While the "spread" offensive scheme has worked well, he needs quality players to execute his defensive scheme. There appear to be very few of those in the locker room and not many top quality recruits are looming on the horizon.
What does Mason do? Does he stick with Smith for one more season in the hopes that he can turn his fortunes? If he doesn't, MSU risks losing millions of dollars in alumni contributions and corporate contributions and takes a big hit to its reputation. Negative recruiting will run rampant against Smith if he's perceived as a lame-duck coach and the recruiting base will be harder to put back together for an incoming coach in 2007.
If he fires Smith now, he has to explain a $5 million buyout to get rid of a coach that he tooks tremendous heat to hire --literally off the field as his team was preparing to play in the Liberty Bowl. Mason must weigh the pros and the cons of this tough decision because his future rests on the success of a man he hired.
IF NOT SMITH, THEN WHO?
Some alumni are beating the drum for former MSU assistant Pat Shurmur, now the quarterbacks coach for the Philadelphia Eagles. Shurmur is known to want the job and is young enough to beat the bushes and fight the recruting wars. He also knows the landscape at MSU, but some are scared off by his connection to former coach George Perles and fear what a Shurmur as coach and Perles, should he win election as MSU trustee, would do with that kind of authority.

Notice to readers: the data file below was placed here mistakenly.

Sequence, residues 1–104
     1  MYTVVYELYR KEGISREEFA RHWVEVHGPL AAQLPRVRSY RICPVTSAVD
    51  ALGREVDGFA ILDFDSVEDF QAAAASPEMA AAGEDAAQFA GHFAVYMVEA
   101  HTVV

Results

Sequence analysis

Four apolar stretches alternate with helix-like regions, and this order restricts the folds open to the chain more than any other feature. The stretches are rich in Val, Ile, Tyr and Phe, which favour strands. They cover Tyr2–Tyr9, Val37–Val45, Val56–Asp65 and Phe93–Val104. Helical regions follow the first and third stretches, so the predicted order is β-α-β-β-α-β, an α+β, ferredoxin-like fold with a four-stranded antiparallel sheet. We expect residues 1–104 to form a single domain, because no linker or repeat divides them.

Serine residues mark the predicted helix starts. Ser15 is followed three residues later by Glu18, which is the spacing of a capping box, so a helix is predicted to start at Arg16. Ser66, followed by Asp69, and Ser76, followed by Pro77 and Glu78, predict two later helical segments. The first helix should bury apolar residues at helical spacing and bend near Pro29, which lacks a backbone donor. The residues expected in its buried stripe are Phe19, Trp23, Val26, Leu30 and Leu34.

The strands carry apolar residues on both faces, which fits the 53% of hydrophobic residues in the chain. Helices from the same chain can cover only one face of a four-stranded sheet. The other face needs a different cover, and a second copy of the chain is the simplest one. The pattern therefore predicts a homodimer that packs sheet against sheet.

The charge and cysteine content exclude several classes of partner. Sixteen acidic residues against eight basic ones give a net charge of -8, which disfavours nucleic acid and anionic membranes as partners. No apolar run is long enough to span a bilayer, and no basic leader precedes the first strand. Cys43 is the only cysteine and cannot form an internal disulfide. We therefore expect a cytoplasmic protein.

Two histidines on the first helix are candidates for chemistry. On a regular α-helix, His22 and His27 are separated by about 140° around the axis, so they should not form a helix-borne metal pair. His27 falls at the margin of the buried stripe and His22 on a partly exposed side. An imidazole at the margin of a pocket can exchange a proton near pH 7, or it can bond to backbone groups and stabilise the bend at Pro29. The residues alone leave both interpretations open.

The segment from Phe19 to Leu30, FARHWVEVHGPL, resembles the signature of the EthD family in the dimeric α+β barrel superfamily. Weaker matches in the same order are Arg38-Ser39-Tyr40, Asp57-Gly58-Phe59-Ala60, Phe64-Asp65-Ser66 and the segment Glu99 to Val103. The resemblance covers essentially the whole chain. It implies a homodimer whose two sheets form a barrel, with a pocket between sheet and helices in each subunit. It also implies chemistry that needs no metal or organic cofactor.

Minnesota coach Glen Mason's contract runs out at the end of the season and some can see Mason, who nearly was hired as coach before the selection of John L. Smith, on the sidelines at MSU. They like the fact that Mason will take his team to their sixth consecutive bowl game this winter.
A small but growing faction are calling for former Michigan State quarterback Charlie Baggett, now the assistant head coach with the Miami Dolphins.
As a player, Baggett, 52, helped engineer and upset of then #1 Ohio State, a landmark win for the Spartans program in 1974. Baggett has since coached collegiately at Bowling Green, Minnesota and twice at Michigan State under Perles and Nick Saban.
At the NFL level, he's had stops in Green Bay, Minnesota, Houston and Miami. Baggett unquestionably knows the landscape and could rebuild the furtile recruting grounds in the Midwest that Saban and Perles mined before him and has the added plus of having a south Florida connection in Miami. He loves Michigan State and would likely jump at the chance to be a head coach in the Big Ten at his alma mater.
The same concerns with Shurmur exist with Baggett, however,even without the Fritz Pollard Alliance watching on, Baggett, an African-American, warrants serious consideration for the position.
It is likely that Smith will be allowed to return for at least one more season, save a total collapse against Penn State in the home and season finale - a real possibility.
Both Mason and Smith have to be hoping for a good showing -if not an upset win - next Saturday. If the Spartans quit as they seemed in Saturday's loss to Minnesota, Smith could find himself in the unemployment line just in time for the holidays.